Commit to What You Really Want, and How You Talk About It
Why do we always feel like we have to categorize our eating plan, what we're eating or not eating? Do you ever feel like a friend who chooses not to drink wine or eat fried food is being uptight? Or are they being disciplined?
Do you ever struggle with whether or not to "let yourself off the hook" and skip the gym or have an extra cookie? Or are you being too easy on yourself and giving up on your healthy eating efforts?
Where is the line drawn between giving up on something or letting yourself "live" a little?
The answer lies deeper. The answer lies where your ultimate goal lies. What is your priority? Is it more important to sleep better tonight, knowing you won't have a headache from drinking or a bellyache from overeating, be more focused for work and kids tomorrow, and ultimately, get closer to your weight loss goals? Or is it more important for you to enjoy your time out with friends and worry about the rest tomorrow?
Usually, you know the answer. You know what is best for you, your body, and your life. You know what you really want. But there's fear or disbelief inside you that holds you back.
You could say that you are trying to do something, you're wishing for something to happen, you could or should be doing something. But shoulds aren't going to get you very far.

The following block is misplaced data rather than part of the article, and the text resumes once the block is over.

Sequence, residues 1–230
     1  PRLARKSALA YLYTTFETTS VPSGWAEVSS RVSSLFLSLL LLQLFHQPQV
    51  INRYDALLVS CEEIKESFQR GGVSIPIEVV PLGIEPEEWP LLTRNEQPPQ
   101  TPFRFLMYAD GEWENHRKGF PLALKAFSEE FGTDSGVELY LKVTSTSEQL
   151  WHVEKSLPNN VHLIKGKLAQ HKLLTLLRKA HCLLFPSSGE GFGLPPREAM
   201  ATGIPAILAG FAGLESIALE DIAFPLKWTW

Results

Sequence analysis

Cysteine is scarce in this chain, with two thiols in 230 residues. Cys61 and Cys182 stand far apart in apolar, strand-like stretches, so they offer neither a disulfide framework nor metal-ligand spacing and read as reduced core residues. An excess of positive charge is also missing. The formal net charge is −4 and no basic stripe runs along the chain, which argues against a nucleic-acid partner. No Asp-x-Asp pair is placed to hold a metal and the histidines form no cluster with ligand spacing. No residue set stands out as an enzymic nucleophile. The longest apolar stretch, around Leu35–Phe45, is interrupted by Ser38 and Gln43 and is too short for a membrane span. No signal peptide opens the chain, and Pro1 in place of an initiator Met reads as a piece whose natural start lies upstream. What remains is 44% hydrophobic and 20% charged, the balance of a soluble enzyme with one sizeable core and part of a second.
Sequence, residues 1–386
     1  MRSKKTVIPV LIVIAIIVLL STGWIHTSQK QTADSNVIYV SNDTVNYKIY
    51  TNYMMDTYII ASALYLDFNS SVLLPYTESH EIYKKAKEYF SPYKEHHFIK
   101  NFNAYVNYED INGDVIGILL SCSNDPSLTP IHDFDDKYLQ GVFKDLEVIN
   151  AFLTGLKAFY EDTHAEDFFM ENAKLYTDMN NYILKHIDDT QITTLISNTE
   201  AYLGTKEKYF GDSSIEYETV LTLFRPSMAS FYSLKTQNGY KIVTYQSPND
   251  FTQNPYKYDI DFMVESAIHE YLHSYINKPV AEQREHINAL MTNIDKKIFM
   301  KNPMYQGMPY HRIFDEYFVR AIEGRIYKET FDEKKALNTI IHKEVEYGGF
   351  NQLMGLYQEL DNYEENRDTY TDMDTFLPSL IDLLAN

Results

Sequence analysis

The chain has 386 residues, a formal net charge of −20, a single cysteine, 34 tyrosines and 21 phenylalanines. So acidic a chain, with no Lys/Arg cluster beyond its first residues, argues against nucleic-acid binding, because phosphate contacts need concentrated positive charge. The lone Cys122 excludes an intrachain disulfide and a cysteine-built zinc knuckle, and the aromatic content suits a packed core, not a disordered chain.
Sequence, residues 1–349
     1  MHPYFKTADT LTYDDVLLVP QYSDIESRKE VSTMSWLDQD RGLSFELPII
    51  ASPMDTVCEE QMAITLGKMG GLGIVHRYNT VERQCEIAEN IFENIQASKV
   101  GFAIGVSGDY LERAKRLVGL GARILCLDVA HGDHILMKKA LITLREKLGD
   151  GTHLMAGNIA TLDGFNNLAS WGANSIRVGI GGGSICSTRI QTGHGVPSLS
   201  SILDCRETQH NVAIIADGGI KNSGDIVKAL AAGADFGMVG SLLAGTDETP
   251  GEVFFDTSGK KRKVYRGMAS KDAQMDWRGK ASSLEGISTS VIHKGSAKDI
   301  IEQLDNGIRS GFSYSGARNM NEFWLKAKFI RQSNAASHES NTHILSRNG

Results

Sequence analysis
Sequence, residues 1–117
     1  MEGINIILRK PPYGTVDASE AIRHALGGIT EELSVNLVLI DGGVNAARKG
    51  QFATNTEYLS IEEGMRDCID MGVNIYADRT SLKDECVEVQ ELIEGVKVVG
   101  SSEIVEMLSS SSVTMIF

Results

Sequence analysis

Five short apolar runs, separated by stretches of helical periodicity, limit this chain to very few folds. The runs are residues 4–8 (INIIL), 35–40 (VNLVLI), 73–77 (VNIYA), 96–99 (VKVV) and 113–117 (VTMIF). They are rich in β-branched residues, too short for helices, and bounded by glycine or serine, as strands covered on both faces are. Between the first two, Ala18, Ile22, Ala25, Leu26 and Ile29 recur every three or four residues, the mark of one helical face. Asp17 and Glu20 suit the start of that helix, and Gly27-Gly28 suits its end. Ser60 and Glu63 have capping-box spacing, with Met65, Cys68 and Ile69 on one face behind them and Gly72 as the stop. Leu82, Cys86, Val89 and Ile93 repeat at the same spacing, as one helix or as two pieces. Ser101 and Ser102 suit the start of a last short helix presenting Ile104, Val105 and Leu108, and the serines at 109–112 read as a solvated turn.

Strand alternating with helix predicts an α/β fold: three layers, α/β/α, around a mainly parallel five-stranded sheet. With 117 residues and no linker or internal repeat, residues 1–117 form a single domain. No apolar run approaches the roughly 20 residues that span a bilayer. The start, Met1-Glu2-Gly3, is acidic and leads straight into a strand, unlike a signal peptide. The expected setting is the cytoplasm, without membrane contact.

I am relistening to a book by Jen Sincero called "You're a Badass at Making Money" and out of the whole book, the below examples of self-talk have stuck with me the most. And I found their descriptions in this article on CNBC.COM here.
Certain common phrases are particularly limiting. Here are eight that Sincero says to watch out for, in yourself and the people you surround yourself with:
“I want” is another way of saying “I lack”
“I wish” is another way of saying “I’m not in control,” which is disempowering
“I need” is another way of saying “I lack”
“I can’t” is self-explanatory
“I’m trying” implies you’re not committed
“I hope” implies it might happen or it might not, which shows you lack faith
“I should” implies maybe you won’t or don’t want to
“I don’t know” slams the door shut on finding out
Here’s what you should be saying instead, says Sincero:
“I’m grateful for”
“Make the commitment to become aware of your language,” writes Sincero. “Get practiced at taking deep breaths before you speak. This will give you the space to stop, notice what was about to come out of your mouth and course correct if needed.”
And if you say, "I will," then you have no choice but to do it.